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The Centers for Disease Control and Prevention said it's investigating 10 more reports of pregnant travelers with Zika. According to the World Health Organization (WHO), the Zika virus outbreak is likely to further spread in South, Central and North America.

Also on Friday, the CDC issued a caution to people planning to attend the Olympics this summer in Rio de Janeiro.

The CDC Morbidity and Mortality Weekly Report contains more information about these existing Zika cases.

There is so much still unknown about the virus, like whether it causes microcephaly in infants, a problem defined by abnormally tiny heads that can lead to developmental problems.

Details on the second abortion case were not released, and the CDC declined to say whether or not both the women made their decisions specifically because of Zika.

Two of the women miscarried, and two elected to terminate their pregnancies.

"All nine women reported at least one of the four most commonly observed symptoms (fever, rash, conjunctivitis, or arthralgia), all women reported rash, and all but one woman had at least two symptoms", CDC said.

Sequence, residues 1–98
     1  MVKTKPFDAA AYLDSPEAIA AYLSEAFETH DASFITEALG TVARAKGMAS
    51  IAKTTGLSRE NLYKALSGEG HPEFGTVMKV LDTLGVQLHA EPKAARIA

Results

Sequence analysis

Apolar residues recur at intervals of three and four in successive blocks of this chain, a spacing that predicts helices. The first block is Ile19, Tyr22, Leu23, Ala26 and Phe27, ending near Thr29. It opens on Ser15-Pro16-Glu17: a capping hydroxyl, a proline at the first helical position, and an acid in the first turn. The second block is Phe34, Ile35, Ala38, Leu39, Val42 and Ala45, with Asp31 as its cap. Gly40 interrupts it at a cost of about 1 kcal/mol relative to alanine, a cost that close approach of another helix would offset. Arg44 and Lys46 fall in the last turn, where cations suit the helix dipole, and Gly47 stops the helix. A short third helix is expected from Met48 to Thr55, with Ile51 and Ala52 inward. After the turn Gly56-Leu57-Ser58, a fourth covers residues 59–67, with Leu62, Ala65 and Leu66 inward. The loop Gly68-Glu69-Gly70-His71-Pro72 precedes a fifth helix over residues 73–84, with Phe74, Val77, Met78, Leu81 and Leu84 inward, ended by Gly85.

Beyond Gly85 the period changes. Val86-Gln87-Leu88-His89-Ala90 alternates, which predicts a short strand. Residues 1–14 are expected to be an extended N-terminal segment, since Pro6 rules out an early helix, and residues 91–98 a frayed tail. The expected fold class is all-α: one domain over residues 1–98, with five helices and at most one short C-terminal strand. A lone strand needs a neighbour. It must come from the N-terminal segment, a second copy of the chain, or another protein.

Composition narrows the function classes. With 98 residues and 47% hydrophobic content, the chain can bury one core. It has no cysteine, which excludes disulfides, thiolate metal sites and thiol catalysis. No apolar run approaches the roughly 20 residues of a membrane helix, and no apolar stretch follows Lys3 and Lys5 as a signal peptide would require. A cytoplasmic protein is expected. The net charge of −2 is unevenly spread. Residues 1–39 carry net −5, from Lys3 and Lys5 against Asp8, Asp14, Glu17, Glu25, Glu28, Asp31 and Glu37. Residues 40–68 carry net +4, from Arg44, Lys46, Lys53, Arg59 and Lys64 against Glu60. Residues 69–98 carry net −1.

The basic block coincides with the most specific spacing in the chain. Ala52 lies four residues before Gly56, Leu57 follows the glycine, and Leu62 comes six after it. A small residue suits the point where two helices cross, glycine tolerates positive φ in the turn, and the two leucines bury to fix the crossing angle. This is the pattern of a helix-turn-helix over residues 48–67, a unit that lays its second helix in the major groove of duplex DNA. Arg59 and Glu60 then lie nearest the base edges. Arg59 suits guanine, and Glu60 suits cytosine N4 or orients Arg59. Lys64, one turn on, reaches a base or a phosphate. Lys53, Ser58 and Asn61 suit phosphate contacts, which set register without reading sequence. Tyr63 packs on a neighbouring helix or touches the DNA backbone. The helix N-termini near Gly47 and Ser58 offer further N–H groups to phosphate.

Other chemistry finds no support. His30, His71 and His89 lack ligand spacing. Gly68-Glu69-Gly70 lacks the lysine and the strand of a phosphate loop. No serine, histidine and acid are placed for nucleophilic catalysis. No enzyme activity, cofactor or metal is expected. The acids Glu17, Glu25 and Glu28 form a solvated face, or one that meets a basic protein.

One delivered a healthy baby and the other is continuing her pregnancy.

One woman gave birth to a baby with microcephaly - a case that has been previously reported by state health authorities.

Estafany Perreira holds her nephew David Henrique Ferreira, 5 months, who has microcephaly, on January 25, 2016 in Recife, Brazil.

The CDC said all are US residents, but it declined to answer a question on their citizenship.

Those destinations are among the 30 places now on the CDC's travel alert.

CDC said it was rushing tests out to states so that pregnant women who suspect they are infected can be tested for Zika.

The logos of the Rio 2016 Olympic Games and Rio 2016 Paralympic Games are pictured next to a message on a screen that reads "Message about Zika" during a media briefing in Rio de Janeiro, Brazil, February 2, 2016.

"Either use condoms the right way, every time, or do not have sex during your pregnancy", the agency said.

Women who are trying to become pregnant should talk to their doctors before making the trip, the CDC advised.

The CDC recommends that all travelers use insect repellent while in Zika outbreak areas, and continue to use it for three weeks after travel in case they might be infected but not sick.

Research also is underway into a possible link between Zika and a paralyzing condition in adults called Guillain-Barre.

"Approximately half a million pregnant women are esti­mated to travel to the United States annually from the 32 Zika-affected countries and US territories with active transmission of Zika virus", the CDC said.

Zika's a mosquito-borne virus, spread as female Aedes mosquitos sip blood from one person after another, often in the same room.

"We did not expect to see these brain abnormalities in this small case series of U.S. pregnant travelers", said Denise Jamieson, a birth defects expert.